A veritable explosion in books offering China-India comparisons is a sign of the times. The two Asian giants offer strong similarities and contrasts, which belies an approximate 5-to-1 difference in the size of their economies. And it is the blend of contestation and cooperation in their relationship that intrigues researchers, in scanning the future for Asia and world affairs.
In a comprehensive introductory chapter, Professor TV Paul calls this relationship a ‘managed rivalry’, and searches for a theory that might capture ‘the dynamics of this rivalry’. He focuses on a ‘growing asymmetrical interdependence’ between China and India. He is intrigued that China’s rapid rise in the post-Cold War era did not produce a decline in its relationship with India. A short answer to that is of course the interplay of other major power relationships, and a need for each player in this dynamic, multi-dimensional global game to find its own balancing equations with other major powers, in order to maximize opportunities for itself.
Paul contrasts two dyads, China-India and India-Pakistan, declaring that unlike in the former, ‘Pakistan, the weaker party in the India-Pakistan rivalry, steadfastly opposes any economic concessions or deep interactions with India…there is no vigorous challenger in the China-India dyad, unlike in the India-Pakistan dyad…’ (pp. 5-6). In South Asia, the term ‘dyad’ is not widely used, except among academics, while it is used to describe a two-state cluster, it also implies a connection between that pair (one dictionary definition speaks of a ‘sociologically significant relationship’1). In the case of India-Pakistan, the cultural, linguistic and ethnic connections are profound; it is those connections that add much to mutual bitterness and emotion between the two, as with any ‘family’ dispute. This element also needs consideration. One may also add that the analysis presented in this book does not go to the next connected and important point that Pakistan’s actions go much beyond a vigorous challenge to India. In fact, this country has become a global hub of Islamic fundamentalism and terrorist sponsorship, threatening not just India but also Afghanistan and the wider region; this deserves attention. For Paul, India is developing Chabahar port in Iran ‘in a bid to circumvent Pakistan’ (p. 4); a more complete statement might have noted Pakistan’s denial of land-transit facilities for India to access Afghanistan and Central Asia.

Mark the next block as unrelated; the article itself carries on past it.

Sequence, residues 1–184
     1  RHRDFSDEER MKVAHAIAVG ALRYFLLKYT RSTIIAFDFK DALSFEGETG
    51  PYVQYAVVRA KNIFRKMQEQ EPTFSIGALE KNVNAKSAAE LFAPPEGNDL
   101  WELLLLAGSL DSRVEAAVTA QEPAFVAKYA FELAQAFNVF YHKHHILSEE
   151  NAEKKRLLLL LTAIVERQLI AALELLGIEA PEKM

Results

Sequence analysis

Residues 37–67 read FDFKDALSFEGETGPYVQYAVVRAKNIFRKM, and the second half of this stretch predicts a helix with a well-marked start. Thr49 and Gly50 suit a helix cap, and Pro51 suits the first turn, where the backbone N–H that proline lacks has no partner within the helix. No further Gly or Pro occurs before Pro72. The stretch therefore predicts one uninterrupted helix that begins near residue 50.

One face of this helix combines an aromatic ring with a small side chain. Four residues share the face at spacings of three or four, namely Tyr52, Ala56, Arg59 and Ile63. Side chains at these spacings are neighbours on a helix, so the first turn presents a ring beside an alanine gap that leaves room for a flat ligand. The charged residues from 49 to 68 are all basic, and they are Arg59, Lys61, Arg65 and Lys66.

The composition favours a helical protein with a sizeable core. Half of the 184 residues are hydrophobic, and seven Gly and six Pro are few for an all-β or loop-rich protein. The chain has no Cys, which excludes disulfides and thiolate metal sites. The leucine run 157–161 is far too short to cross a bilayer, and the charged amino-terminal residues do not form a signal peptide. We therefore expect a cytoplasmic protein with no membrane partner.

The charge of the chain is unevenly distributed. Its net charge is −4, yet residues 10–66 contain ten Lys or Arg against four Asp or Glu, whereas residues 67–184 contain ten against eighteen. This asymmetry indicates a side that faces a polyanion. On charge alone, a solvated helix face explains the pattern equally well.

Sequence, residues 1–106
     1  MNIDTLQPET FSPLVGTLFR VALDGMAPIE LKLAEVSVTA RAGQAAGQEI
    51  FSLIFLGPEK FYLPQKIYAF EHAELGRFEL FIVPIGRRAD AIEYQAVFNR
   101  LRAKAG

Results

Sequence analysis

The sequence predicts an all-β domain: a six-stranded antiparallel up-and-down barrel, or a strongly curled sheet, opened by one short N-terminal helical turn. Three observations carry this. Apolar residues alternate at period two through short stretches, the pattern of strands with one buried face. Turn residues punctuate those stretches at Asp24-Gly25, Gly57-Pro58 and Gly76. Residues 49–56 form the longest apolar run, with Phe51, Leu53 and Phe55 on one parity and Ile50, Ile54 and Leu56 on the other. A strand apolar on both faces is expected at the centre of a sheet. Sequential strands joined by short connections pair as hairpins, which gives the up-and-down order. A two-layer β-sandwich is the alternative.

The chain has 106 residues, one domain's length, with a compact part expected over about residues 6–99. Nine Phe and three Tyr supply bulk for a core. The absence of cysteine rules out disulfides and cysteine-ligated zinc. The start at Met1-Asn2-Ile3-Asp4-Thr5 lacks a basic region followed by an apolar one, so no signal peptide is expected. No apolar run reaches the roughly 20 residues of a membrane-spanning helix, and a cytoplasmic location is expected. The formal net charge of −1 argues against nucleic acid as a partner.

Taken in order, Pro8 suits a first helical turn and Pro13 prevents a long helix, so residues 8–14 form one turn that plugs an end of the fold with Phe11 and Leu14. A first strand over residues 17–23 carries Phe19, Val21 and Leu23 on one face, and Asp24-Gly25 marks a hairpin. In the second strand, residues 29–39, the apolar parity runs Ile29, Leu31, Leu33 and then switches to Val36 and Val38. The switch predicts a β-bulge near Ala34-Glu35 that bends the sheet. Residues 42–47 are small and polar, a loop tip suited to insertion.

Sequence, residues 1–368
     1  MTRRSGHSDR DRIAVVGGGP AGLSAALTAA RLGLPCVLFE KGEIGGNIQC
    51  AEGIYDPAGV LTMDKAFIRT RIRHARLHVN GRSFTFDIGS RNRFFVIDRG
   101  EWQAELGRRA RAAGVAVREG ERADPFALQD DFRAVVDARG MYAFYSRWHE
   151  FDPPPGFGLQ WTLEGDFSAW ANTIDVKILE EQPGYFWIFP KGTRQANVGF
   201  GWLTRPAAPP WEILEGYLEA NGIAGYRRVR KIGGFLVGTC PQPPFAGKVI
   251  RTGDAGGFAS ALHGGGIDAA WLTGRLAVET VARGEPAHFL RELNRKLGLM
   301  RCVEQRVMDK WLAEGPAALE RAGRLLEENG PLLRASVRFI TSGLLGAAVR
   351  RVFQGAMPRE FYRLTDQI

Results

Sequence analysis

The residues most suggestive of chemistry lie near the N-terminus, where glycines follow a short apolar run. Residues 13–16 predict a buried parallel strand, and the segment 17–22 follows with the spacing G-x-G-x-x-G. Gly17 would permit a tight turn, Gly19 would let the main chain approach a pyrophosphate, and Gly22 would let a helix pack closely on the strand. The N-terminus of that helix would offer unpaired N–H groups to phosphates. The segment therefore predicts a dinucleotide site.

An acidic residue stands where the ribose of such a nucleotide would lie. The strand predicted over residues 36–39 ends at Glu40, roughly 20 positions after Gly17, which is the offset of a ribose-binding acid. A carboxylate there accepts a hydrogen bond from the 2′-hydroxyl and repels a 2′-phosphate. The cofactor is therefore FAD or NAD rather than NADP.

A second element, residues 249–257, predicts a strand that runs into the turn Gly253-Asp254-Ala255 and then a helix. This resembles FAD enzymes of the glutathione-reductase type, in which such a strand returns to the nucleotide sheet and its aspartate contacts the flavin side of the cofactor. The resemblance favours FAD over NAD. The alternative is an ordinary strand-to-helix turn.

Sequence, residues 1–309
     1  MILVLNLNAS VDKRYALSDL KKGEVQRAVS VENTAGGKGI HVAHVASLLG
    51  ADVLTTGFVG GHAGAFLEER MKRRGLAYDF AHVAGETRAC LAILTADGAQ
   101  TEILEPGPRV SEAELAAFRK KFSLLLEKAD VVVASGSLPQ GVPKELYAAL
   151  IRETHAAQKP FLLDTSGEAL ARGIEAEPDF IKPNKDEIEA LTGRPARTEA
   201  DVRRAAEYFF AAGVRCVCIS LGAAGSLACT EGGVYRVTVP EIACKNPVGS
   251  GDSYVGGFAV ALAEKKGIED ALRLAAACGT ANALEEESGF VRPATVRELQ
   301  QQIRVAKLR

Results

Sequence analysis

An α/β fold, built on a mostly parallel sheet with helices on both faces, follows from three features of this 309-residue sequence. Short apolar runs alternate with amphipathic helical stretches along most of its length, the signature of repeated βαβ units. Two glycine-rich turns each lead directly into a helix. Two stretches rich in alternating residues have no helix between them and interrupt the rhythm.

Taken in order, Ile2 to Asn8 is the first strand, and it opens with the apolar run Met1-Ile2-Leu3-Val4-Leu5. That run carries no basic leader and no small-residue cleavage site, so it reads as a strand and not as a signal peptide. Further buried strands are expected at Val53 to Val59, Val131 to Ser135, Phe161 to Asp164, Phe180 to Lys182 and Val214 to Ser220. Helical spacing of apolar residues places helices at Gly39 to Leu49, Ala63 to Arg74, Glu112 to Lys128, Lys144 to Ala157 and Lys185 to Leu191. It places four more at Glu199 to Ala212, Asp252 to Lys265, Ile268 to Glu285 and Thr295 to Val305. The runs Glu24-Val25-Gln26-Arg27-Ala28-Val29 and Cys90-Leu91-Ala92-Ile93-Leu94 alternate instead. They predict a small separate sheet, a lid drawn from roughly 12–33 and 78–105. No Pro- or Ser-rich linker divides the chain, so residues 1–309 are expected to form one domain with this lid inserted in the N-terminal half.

Besides the Introduction, the book has three parts. Part II consists of six chapters that look at different sources of China-India rivalry, while Part III examines the strategic dimension of the relationship; Part IV looks at the ‘mitigators’, namely the impact of trade and investments, and the international engagement of the two. The final chapter offers conclusions. Part II opens with Mukesh Shankar’s essay on territory and the China-India dispute. Challenges to its resolution are ‘real’ and include ‘rivalry dynamics (however asymmetrical), status concerns, historical memory and domestic politics’; he calls the dispute ‘at the same time both intractable and manageable’ (p. 34). Shankar calls Tibet ‘an additional dimension to the territorial disagreements between China and India’ (p. 36); AS Bhasin’s archival document study shows that Tibet became in fact central to that dispute.2 The essay adds: ‘following the  war diplomatic ties with China were broken by New Delhi and it took another two decades for the two sides to even attempt to re-establish a certain level of civil normality between each other’ (p. 45). The facts are different. Owing to deteriorating relations, India withdrew its ambassador from Beijing in August 1961, and China followed suit shortly thereafter. Though the two countries sent back their ambassadors only in 1976, full diplomatic relations subsisted throughout this period and each country was ably represented in the other capital. Further, between September 1961 and December 1963, Premier Zhou Enlai had 11 substantive meetings with the Indian Chargé affairs, PK Banerjee, using him as the major communication channel with India.3 After the 1962 war, substantive bilateral dialogue continued, and this played a role during the 1971 Bangladesh War. This is a gratuitous inaccuracy in a fine essay.
Again and again, the book deals with the paradox of interstate rivalry between China and India, partly mitigated by growing mutual cooperation, in which new elements of mutual antipathy also emerge, to add further complications. This produces shifting images, and ambiguous outcomes. One chapter looks at the asymmetry in international status between China and India, offering the conclusion that mutual rivalry on this count can be mitigated, because status is not simply a zero-sum game. Another looks at the views of each on the international order. It becomes evident that in contrast to China’s official statements on its global goals, Indian views are couched in indirect language, to be gleaned from dispersed statements and from analytical writing by scholars. India simply does not unambiguously set out either its foreign policy strategic objectives or its international order prescriptions.